Genesis 1:1 Commentary - Whedon's Commentary on the Old and New Testaments
The Creative Beginning, 1-2.
Gen 1:1 is to be taken as a heading to the present section, (Gen 1:1 to Gen 2:3,) corresponding to the headings of the other sections. Comp. Gen 2:4; Gen 5:1; Gen 6:9; Gen 10:1; Gen 11:10, etc . This first section has not the common formula, “These are the generations,” etc . : for this first chapter is a history of creations, not of generations . This is a distinction to be kept constantly in mind . See below, on Gen 1:2, and notes on chap . 2:4 .
In the following notes an effort is made to indicate as fully as practicable the grammatico-historical meaning of the language of this most ancient Scripture. The world is full of attempts to “reconcile Genesis and geology:” we assume no such task, but endeavour to keep prominent the query, whether the vast amount of learned labour bestowed upon such attempted reconciliation has not been wasted over a false issue. Our exposition does not essay to solve the mysteries of creation, but merely to determine, as far as the original meaning and usage of his words admit, the most obvious import of the Hebrew writer’s language. See Introduction, pp. 56-67.
1. In the beginning At the commencement of that series of events with which the creation and history of the human race are associated . Here is no necessary reference to the origin of matter, but simply to the opening of an epoch .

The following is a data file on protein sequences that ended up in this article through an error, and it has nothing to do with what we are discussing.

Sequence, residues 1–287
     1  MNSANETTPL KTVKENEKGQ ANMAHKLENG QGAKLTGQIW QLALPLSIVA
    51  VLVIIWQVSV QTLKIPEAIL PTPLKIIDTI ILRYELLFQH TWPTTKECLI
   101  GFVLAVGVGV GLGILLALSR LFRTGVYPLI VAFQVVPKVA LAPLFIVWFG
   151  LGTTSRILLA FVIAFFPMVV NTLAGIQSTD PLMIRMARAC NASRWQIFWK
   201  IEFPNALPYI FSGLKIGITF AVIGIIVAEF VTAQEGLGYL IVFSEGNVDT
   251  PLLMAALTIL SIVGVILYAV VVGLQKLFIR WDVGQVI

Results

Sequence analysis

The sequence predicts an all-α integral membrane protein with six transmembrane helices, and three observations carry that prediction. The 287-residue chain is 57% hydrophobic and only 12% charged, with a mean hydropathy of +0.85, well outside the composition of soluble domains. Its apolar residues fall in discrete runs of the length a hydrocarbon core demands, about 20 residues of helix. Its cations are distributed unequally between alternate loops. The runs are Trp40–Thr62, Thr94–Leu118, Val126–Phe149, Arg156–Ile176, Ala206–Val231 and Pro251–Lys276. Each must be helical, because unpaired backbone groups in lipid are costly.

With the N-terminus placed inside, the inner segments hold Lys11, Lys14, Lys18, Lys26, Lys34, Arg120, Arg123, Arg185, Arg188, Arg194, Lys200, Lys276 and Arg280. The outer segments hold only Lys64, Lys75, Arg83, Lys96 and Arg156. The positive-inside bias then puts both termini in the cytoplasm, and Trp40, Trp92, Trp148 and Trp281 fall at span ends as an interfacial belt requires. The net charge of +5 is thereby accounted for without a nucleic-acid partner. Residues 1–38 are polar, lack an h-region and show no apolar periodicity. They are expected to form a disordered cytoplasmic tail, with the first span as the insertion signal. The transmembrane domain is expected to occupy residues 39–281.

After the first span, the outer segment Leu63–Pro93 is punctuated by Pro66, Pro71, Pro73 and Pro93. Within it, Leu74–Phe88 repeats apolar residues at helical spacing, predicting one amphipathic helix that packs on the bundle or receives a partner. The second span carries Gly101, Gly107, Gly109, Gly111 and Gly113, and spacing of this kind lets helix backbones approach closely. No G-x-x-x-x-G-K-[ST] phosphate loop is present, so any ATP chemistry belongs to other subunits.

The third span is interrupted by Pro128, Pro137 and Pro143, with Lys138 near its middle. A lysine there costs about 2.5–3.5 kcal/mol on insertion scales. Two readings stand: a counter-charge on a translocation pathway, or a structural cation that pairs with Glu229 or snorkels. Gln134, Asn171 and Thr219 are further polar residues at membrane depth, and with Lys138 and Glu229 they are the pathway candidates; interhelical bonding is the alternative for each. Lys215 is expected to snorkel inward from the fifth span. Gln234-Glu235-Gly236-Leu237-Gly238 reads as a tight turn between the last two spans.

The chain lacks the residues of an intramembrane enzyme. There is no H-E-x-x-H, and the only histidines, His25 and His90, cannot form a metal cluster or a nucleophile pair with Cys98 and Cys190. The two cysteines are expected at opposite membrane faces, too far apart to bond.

God created ברא אלהים ; a plural noun with a singular verb . Some have supposed this plural form of the name of God to be a relic of primitive polytheism, but its construction here with a verb in the singular, and its frequent use in the Hebrew Scriptures as the name of the One only God, forbids such a conclusion . The plural form of the name denotes rather the manifold fulness of power and excellency that exists in God. Not without reason have many Christian divines suggested that in this plural of majesty may also be an intimation of the plurality of persons in the Godhead. No sound logician, however, would cite this as a proof of the doctrine of the Trinity. It is to be mentioned only as a suggestion a profound intimation of the plurality of Eternal Powers in the Creator. It will be noticed that the writer does not here formally state the existence of God; much less does he attempt to prove his existence; but he simply assumes it as a fact. The word ברא , which means, primarily, to cut, to cut down, (a meaning preserved in the Piel form of the verb, Jos 17:15; Jos 17:18,) and thence by a natural and easy process, to construct, to fashion, to produce, is in the Kal and Niphal always used to denote divine creations. It is never used to denote human productions. In Gen 1:21 it denotes the creation of “great sea-monsters;” in Gen 1:27, the creation of man; (comp. also Gen 5:1-2; Gen 6:7; Deu 4:32; Psa 89:47;) in Psa 89:12, the establishing of the north and the south; in Isa 4:5, the creation of “a cloud and smoke by day, and the shining of a flaming fire by night;” in Isa 45:7, the creation of darkness and evil, and in Isa 57:19, the creation of “the fruit of the lips” praise to God, or prophecy . This varied usage of the word shows, that to create out of nothing is not its legitimate meaning: for pre-existing material is commonly supposed . Hence the meaning to found, to produce, to cause to arise. Applied thus uniformly to divine creations, ברא is a more elevated word, and also more specific, than עשׂה , to make, which occurs much more frequently . This latter word is also used of divine creations, and so far may be said to be interchangeable with ברא . Thus in Gen 1:7, “God made the firmament” Gen 1:16, “God made two great lights” Gen 1:25, “God made the beast of the earth” Gen 1:26, “Let us make man” Gen 1:31, “Every thing that he had made ” Gen 2:2, “His work which he had made ” Gen 5:1, “In the likeness of God made he him” Gen 9:6, “In the image of God made he man” Exo 20:11, “In six days the Lord made heaven and earth . ” But though applied to every thing to which we find ברא applied, the word עשׂה has a much wider and more general application, referring to any work of man, as to make a feast, (Gen 19:3; Gen 21:8; Gen 26:30;) to make a heap of stones, (Gen 31:46;) to do wickedness, (Gen 39:9;) to do or show mercy, (Exo 20:6;) to accomplish a desire, (1Ki 5:8;) and so in a great variety of ways .